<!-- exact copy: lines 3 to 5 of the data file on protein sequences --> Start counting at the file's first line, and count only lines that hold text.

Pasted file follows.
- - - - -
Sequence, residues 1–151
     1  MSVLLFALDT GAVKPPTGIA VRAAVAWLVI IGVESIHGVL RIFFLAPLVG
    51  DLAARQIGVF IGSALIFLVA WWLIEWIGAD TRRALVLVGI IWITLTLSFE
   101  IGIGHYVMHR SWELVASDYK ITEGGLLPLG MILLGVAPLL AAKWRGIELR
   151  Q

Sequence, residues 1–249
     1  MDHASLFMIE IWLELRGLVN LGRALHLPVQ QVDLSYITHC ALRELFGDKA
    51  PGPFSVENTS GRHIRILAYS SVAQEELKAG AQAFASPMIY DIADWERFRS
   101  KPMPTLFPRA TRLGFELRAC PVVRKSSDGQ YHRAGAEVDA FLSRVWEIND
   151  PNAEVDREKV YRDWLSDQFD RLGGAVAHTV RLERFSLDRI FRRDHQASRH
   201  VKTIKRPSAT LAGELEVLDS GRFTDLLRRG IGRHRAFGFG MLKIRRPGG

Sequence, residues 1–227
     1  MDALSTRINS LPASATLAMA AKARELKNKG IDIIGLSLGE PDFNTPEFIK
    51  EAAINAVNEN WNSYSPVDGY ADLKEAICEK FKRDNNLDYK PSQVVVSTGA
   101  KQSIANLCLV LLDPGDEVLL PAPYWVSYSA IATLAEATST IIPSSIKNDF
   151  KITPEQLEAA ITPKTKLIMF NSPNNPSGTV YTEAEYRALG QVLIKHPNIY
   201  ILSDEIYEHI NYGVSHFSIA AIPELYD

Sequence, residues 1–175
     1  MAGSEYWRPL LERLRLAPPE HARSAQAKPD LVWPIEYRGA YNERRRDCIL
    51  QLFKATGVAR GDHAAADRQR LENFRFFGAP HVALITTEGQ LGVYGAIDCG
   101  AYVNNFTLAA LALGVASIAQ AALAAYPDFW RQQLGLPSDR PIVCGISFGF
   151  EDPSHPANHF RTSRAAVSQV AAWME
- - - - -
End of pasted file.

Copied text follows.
    51  DLAARQIGVF IGSALIFLVA WWLIEWIGAD TRRALVLVGI IWITLTLSFE
   101  IGIGHYVMHR SWELVASDYK ITEGGLLPLG MILLGVAPLL AAKWRGIELR
   151  Q